Sail Away! Excerpt - Electrical System Problems | Sailing Blog - Technical Hints and Tips - Sailing Television

Sail Away! Excerpt - Electrical System Problems

A number of years ago Sheryl & I wrote a book called
Sail Away! A Guide to Outfitting and Provisioning for Cruising
This book went on to sell nearly 11,000 copies and we are happy that so many people have told us the book helped them fulfill their cruising dreams!

I checked this morning on Amazon They have 4 "new condition" copies on sale from $153-$363 - Yikes!!!

The book has been out of print for some years now but we are starting a project to update it! Here is an excerpt from the Outfitting section...


The most common electrical problem, especially in saltwater, is corrosion causing a bad connection. This problem is not confined to wet bilges and areas where saltwater leaks onto and actually touches the connections. Even the salt air holds sufficient moisture and salt to start corrosion on terminals.
Different metals react to this corrosive environment in different ways. Plain copper wire, for instance, is susceptible to corrosion -- it turns the characteristic green of copper roofs. The best wire for use on a boat headed for saltwater is “tinned, stranded copper wire”. Stranded copper wire refers to the fact that a large number of fine strands of wire are run together inside the insulating core. This means the wire is much more flexible and less likely to fatigue and break if bent repeatedly. (Single strand wire commonly used in houses should not be used!) Tinned copper wire has a fine coating of tin on the outside of each strand and this is far more resistant to corrosion than plain copper. Any projects where gear is added to a boat should be done using tinned copper wire if possible.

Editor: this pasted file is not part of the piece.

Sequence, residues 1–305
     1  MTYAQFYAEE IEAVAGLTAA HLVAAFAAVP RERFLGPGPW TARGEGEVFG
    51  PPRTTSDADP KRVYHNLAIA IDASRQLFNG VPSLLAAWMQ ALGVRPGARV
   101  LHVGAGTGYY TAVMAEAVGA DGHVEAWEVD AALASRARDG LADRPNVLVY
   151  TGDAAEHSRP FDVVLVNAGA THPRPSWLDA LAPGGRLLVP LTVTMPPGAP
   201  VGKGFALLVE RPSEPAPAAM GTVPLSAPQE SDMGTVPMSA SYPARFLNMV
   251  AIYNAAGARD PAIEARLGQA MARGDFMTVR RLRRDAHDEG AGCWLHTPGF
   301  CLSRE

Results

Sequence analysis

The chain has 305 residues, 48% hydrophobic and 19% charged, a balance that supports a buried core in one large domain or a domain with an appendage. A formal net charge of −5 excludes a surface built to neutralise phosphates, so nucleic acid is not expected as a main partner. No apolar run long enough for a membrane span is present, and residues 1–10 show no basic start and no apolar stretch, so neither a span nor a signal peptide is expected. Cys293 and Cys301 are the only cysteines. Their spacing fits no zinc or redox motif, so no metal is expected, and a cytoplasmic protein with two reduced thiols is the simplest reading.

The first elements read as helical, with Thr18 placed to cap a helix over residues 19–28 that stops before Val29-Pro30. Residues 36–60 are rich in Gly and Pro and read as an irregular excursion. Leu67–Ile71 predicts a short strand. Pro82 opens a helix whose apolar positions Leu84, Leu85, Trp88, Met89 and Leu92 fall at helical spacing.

A surprising amount of marine electrical gear comes with regular copper wire. I usually solder these bare connections before doing anything else. Even if I am not installing a new pump right away I lightly twist up the exposed strands and melt a drop of solder onto the wire. It protects it while waiting in the locker to be installed.


Many boats are wired up with crimp connections and I believe this is the best solution to the question of how to connect two wires. Experience on Two-Step and Distant Shores has shown that these connections last well BUT only when the wire being crimped is tinned first. If you don’t have tinned copper wire then it is best to protect the ends of the wires first by soldering them before crimping, when adding equipment. Then crimp a connection onto the wire and get a much better connection between the wire and the crimp fitting. Use closed end crimp connectors since they are more reliable in the event of a connection becoming loose.
Caution: Do not use acid core flux solder on any electrical connections. It will cause failure when least expected! Use rosin core solder only.
If the boat’s original wiring involves regular untinned wire with crimp connections, check any connections in damp areas and make sure they are watertight. You might be able to slip an insulating piece of heat shrink tubing over the terminal or wrap with self-amalgamating tape to protect them.
Battery connections
Incidentally, a copper wire that has gone green will not accept solder until it has been cleaned first -- I sometimes pull the strands between a piece of fine sandpaper a couple of times to clean them.
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